I got a press release today from the consumer advocacy group Which? informing me that “Misleading health claims to be banned at last”.
Apparently, European Union Member States today voted to adopt a list of scientifically proven health claims that can be made about food and drink products. Claims for green tea and glucosamine (regarding benefits for blood pressure and joint health) are examples of a couple of things that did not make the cut. On the other hand, it seems the following claims will be allowed to be made:
- reduced consumption of saturated fat contributes to the maintenance of normal blood cholesterol levels
- plant sterols and plant stanols contribute to the maintenance of normal blood cholesterol
Cholesterol levels are widely recognised as a marker for heart disease, and so the logic goes that reducing cholesterol levels will help prevent this condition. In this case, cholesterol is being used as what is known as a ‘surrogate marker’. The assumption is that a positive change in surrogate marker levels will translate into benefits for health.
However, is this actually true?
Taking dietary steps to reduce cholesterol has not been convincingly shown to reduce the risk of heart disease or overall risk of death. If this practice does not have benefits for health or extend life, why bother? Eating less saturated fat and swallowing stanols and sterols can reduce cholesterol all they like, but none of it has proven benefits for health.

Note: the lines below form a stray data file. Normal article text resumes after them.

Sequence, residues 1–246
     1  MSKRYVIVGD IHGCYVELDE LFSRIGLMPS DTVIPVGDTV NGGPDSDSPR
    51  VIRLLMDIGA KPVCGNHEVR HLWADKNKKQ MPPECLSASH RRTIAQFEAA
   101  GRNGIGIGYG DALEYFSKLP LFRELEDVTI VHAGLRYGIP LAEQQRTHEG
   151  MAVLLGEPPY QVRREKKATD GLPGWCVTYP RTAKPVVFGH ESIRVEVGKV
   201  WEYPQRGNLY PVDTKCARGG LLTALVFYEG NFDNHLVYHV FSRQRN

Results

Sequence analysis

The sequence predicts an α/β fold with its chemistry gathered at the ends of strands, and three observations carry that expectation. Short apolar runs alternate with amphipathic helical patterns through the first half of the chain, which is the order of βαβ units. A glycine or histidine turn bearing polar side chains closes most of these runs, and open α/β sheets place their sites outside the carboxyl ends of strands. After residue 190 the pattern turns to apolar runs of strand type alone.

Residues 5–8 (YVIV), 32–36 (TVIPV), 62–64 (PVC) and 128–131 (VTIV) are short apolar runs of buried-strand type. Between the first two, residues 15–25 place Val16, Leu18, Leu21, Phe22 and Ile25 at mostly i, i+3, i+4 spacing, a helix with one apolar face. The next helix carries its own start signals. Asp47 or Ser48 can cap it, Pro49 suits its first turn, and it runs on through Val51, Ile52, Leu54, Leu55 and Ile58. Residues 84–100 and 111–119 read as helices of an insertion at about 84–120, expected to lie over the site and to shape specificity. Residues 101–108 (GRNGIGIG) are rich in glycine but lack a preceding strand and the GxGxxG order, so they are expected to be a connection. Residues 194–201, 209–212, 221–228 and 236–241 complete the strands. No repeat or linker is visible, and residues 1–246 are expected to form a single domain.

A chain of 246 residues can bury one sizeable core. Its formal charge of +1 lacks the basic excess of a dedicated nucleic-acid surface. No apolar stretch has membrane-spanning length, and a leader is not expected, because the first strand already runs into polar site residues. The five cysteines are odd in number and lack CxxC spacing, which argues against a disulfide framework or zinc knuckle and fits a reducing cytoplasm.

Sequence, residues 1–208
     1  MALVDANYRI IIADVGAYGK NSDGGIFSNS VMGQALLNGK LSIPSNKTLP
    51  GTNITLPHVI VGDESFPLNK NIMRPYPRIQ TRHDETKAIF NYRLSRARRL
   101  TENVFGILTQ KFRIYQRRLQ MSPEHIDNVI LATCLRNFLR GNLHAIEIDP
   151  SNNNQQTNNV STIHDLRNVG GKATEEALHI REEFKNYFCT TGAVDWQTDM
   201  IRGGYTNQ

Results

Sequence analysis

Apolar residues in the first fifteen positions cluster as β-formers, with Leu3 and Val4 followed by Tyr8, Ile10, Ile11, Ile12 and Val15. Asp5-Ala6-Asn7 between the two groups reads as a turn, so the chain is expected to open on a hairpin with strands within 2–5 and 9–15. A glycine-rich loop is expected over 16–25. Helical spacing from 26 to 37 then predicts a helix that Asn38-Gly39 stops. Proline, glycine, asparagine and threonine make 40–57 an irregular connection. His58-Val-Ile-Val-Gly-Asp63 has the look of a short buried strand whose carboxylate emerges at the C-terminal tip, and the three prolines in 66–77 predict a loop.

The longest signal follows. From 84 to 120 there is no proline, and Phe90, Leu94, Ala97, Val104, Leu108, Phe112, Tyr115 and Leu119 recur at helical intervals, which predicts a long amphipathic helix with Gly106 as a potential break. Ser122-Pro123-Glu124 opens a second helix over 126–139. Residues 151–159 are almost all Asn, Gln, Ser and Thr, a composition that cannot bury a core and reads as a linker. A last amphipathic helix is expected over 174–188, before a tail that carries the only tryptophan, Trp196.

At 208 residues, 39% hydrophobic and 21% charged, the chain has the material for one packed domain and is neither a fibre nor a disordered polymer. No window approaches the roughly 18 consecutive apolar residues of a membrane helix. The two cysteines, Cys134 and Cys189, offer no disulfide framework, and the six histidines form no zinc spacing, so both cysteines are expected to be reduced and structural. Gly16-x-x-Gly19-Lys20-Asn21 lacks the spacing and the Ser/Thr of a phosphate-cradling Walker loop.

It is perhaps worthy of note that a PR representative of the Unilever-made Flora Proactiv products commented here that:
“We absolutely agree that simply lowering cholesterol without making wider positive changes to one’s diet and lifestyle will not make a significant positive health impact.”
I take this as admission of the general uselessness of cholesterol reduction in terms of its impact on health.
It can be hard for some to make sense that taking dietary steps to reduce cholesterol is not broadly beneficial to health. However, we should perhaps not be too surprised, when we consider that we have plenty of similar experiences regarding pharmaceutical drugs.
- drugs called resins reduce cholesterol but do not reduce overall risk of death
- the drug ezetimibe reduces cholesterol but has never been shown to benefit health
- drugs called fibrates improve the ratio of ‘good’ and ‘bad’ cholesterol but don’t reduce overall mortality
- hormone replacement therapy improves the ratio of ‘good’ and ‘bad’ cholesterol but doesn’t reduce overall mortality and increases the risk of cardiovascular disease
The situation with statin drugs is somewhat nuanced. In primary prevention (in essentially healthy individuals) statins do not reduce risk of death. In secondary prevention (those who have already had, say, a heart attack or stroke), they do, but the fact remains that even in high risk individuals, the great majority of people who take statins do not stand to benefit from them at all. There is reason to believe, by the way, that the little benefit statins have is not as a result of their cholesterol-reducing action, but due to other effects including anti-inflammatory blood-thinning actions.
In short, the fact that foods low in saturated fat and/or rich in sterols/stanols may contribute to lowered cholesterol levels is irrelevant. The idea that this translates into benefits for health is simply unproven. My advice? Don’t swallow it.